Open Access
Open Peer Review

This article has Open Peer Review reports available.

How does Open Peer Review work?

The effect of combining manual therapy with exercise for mild chronic obstructive pulmonary disease: study protocol for a randomised controlled trial

  • Roger M. Engel1Email author,
  • Jaxson Wearing1,
  • Peter Gonski2 and
  • Subramanyam Vemulpad1
Trials201718:282

https://doi.org/10.1186/s13063-017-2027-z

Received: 7 November 2016

Accepted: 30 May 2017

Published: 17 June 2017

Abstract

Background

Chronic obstructive pulmonary disease (COPD) is a major cause of disability and hospital admission. Current management strategies have not been successful in altering the loss of lung function typically seen as the disease progresses. A recent systematic review into the use of spinal manipulative therapy (SMT) in the management of COPD concluded that there was low level evidence to support the view that a combination of SMT and exercise had the potential to improve lung function more than exercise alone in people with moderate to severe COPD.

The aim of this study is to investigate whether the combination of exercise and manual therapy (MT) that includes SMT produces sustainable improvements in lung function and exercise capacity in people with mild COPD.

Methods/design

The study is a randomised controlled trial of 202 people with stable mild COPD. The cohort will be divided into two equal groups matched at baseline. The first group will receive a standardised exercise program. The second group will receive MT that includes SMT plus the same standardised exercise program. Exercise will be administered a total of 36 times over an 18-week period, while MT will be administered in conjunction with exercise a total of 15 times over a 6-week period. The primary outcome measure is lung function (forced expiratory volume in the 1st second: FEV1 and forced vital capacity: FVC). The secondary outcome measures are the 6-minute walking test (6MWT), quality of life questionnaire (St George’s Respiratory Questionnaire: SGRQ), anxiety and depression levels (Hospital Anxiety and Depression Scale: HADS), frequency of exacerbations, chest wall expansion measurements (tape measurements) and systemic inflammatory biomarker levels. Outcome measurements will be taken by blinded assessors on seven occasions over a 48-week period. Adverse event data will also be gathered at the beginning of each intervention session.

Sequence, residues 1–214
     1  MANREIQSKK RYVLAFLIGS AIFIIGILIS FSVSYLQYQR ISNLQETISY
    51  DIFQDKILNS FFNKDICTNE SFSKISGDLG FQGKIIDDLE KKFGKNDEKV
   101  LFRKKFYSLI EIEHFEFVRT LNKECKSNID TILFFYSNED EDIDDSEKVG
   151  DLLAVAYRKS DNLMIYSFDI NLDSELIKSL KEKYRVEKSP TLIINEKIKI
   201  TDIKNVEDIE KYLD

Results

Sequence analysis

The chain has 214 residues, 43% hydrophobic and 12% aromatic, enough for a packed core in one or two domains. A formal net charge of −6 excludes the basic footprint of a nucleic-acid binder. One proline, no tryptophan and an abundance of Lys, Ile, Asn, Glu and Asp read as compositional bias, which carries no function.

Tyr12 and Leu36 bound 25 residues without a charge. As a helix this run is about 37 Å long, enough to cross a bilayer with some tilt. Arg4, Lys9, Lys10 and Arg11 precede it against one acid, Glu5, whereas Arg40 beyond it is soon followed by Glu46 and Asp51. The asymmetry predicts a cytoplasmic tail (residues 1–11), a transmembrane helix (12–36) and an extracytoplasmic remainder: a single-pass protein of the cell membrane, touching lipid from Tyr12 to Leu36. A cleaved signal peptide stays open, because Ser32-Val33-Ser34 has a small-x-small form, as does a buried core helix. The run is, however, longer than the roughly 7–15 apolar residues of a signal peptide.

Discussion

This randomised controlled trial is designed to investigate whether the combination of MT and exercise delivers any additional benefits to people with mild COPD compared to exercise alone. The study is designed in response to recommendations from a recent systematic review calling for more research into the effect of MT in the management of COPD.

Trial registration

ANZCTRN, 12614000766617. Registered on 18 July 2014.

Keywords

Chronic obstructive pulmonary diseaseCOPDManual therapySpinal manipulative therapyPulmonary rehabilitationExerciseRandomised controlled trialLung functionTrial protocol

Background

Chronic obstructive pulmonary disease (COPD) is a major cause of chronic morbidity and mortality. It is responsible for a substantial and increasing proportion of the economic and social burden of disease and is currently ranked as the fourth leading cause of death worldwide [1, 2]. The disease is characterised by progressive loss of lung function and includes symptoms such as dyspnea, sputum production and cough [1, 2]. While lung function tests are the primary method used to diagnose and track disease progression, COPD is associated with other comorbidities such as depression, cardiovascular disease and skeletal muscle dysfunction which also influence progression [1].

As exercise capacity is a prognostic indicator in COPD, any skeletal muscle dysfunction that reduces exercise performance can affect disease severity over time by reducing exercise capacity [2]. In COPD, the primary source of exercise limitation is dyspnea, which curtails exercise performance before maximum capacity has been reached. Exercise performance has therefore become a target for therapeutic intervention with both international and Australian guidelines now including exercise training as a standard component in pulmonary rehabilitation [1, 2]. One of the causes of exercise-limiting dyspnea is altered chest wall mechanics which includes an increase in chest wall rigidity (CWR) [36]. This increase results in a fall in the efficiency of the ventilatory pumping mechanism and an increase in the effort required to breathe [5, 710]. Addressing the increase in CWR has been suggested as a way of reducing or delaying the onset of exercise-limiting dyspnea [11].